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SCIENTIFIC NAME(S): Polygala senega L. Family: Polygalaceae (Milkworts)
COMMON NAME(S): Seneca snakeroot, rattlesnake root, milkwort, mountain flax
Senega root was one of the new remedies introduced into medicine after the discovery of America where the Seneca Indians valued it as a cure for rattlesnake bite. Although this usage was probably based purely on the "Doctrine of Signatures," senega subsequently enjoyed great popularity as a nauseant expectorant and was a common ingredient in syrups and similar preparations for coughs and colds .
HistorySenega root was used by eastern Native American tribes. Snakeroot refers to the purported use in snakebite. However, the early European observers gave little credence to this use. The Europeans and colonists used senega root as an emetic, cathartic, diuretic, and diaphroetic in a variety of pulmonary diseases (eg, pneumonia, asthma, pertussis) and also in gout and rheumatism.It was also used as an expectorant cough remedy.
Botany :- Senega root is an uncommon perennial herb about 30 cm high that grows throughout eastern North America. The leaves are small, alternate, and narrowly tapered to a point at the apex. Numerous pinkish-white or greenish-white flowers are crowded on a terminal spike. The root is twisted and has an irregular, knotty crown with a distinctive ridge. The variety P. senega var. latifolia Torr. & Gray has been distinguished, but occurs throughout the same habitat and differs from P. senega only in the size of leaves and flowers and in having a slightly later flowering period. The related species P. tenuifolia Willd., P. reinii Franch., P. glomerata Lour.,and P. japonica Houtt. are used in Asia for similar purposes.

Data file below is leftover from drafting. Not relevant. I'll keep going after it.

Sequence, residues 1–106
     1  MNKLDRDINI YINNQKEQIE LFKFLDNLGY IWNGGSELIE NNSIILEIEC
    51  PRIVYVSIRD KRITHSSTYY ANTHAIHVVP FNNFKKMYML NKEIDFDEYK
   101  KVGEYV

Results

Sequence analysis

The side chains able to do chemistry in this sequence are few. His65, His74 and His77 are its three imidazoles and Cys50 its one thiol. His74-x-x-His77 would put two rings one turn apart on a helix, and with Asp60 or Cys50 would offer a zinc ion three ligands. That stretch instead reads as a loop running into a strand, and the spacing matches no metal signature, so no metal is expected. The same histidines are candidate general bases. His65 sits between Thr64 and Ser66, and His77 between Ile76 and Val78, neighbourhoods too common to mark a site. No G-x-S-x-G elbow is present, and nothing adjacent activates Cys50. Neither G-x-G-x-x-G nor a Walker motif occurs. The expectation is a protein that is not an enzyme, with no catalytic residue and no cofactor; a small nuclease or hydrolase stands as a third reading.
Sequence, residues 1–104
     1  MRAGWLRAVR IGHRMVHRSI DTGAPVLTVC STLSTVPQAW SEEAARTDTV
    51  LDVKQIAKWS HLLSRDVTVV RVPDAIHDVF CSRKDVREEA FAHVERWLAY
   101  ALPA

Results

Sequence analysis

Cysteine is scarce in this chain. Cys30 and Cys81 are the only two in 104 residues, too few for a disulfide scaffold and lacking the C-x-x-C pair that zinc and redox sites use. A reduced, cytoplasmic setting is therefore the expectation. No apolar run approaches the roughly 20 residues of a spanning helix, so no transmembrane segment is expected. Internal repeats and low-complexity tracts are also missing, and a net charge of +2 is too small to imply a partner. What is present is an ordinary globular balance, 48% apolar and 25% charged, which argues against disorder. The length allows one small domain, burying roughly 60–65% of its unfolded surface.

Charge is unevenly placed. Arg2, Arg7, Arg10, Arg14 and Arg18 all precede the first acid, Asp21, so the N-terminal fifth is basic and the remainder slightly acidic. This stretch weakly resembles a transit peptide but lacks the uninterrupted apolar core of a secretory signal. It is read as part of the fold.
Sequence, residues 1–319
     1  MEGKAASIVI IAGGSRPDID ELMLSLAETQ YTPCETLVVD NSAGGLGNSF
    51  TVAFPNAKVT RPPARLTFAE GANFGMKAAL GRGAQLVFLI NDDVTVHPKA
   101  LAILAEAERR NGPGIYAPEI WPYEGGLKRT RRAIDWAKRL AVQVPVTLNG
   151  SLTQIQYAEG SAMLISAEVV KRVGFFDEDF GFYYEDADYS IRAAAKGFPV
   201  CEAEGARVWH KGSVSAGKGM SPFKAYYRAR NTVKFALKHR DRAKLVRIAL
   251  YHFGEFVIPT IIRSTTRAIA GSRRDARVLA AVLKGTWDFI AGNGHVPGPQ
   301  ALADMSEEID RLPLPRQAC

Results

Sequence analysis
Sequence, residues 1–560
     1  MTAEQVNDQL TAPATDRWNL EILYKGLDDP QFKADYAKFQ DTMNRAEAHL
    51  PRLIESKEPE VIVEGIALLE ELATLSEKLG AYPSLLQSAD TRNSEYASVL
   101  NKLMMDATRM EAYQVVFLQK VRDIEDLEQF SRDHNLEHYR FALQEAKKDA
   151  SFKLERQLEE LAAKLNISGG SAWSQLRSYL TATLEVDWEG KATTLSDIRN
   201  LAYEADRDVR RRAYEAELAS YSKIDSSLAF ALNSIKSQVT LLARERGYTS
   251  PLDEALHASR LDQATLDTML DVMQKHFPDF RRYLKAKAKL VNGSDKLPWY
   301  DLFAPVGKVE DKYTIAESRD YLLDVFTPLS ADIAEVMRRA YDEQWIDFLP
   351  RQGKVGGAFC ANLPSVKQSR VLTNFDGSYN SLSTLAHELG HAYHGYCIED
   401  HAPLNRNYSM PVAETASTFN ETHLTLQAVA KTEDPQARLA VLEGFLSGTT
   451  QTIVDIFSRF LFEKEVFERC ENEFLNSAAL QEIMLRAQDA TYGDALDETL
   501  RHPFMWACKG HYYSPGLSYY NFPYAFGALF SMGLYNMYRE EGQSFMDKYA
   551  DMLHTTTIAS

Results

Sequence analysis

Uses of Senega Root
Senega has been used as an antitussive.
Native Americans have long used senega root for rheumatism, colds, inflammation, and bleeding wounds.
In North American and European herbal medicine, senega root is used as an expectorant to treat bronchial asthma, chronic bronchitis, and whooping cough . The root has a stimulant action on the bronchial mucous membranes, promoting the coughing up of mucus from the chest and thereby easing wheezing.
Side Effects of Senega Root
High doses of powdered senega root or tincture are emetogenic and irritating to the GI tract.
Infusion: pour a cup of boiling water onto 1/2 - 1 teaspoonful of the dried root and let infuse for 10 - 15 minutes. This should be drunk three times a day.
High doses of powdered senega root (more than 1 g) or tincture were reported as emeteogenic and irritating to the GI tract. Senega root is contraindicated in pregnancy and patients with peptic ulcer disease or inflammatory bowel disease.
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